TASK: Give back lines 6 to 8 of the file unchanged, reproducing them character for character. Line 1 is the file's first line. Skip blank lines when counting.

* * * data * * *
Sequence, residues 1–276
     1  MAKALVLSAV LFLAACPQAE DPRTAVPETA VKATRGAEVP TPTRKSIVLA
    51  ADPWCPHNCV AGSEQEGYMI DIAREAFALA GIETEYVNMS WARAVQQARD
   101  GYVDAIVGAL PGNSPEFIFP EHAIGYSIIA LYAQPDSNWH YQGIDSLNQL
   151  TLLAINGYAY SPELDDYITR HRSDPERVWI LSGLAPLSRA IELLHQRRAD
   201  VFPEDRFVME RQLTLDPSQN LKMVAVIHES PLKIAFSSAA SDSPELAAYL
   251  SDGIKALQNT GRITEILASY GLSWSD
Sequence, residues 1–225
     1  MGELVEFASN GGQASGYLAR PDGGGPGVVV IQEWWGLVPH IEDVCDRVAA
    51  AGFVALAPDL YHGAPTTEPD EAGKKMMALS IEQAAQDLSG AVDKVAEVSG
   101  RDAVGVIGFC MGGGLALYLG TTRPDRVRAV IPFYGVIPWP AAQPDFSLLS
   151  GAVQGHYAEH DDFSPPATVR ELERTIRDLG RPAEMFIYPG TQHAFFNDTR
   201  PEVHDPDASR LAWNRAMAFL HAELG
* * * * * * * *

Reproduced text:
   201  VFPEDRFVME RQLTLDPSQN LKMVAVIHES PLKIAFSSAA SDSPELAAYL
   251  SDGIKALQNT GRITEILASY GLSWSD
Sequence, residues 1–225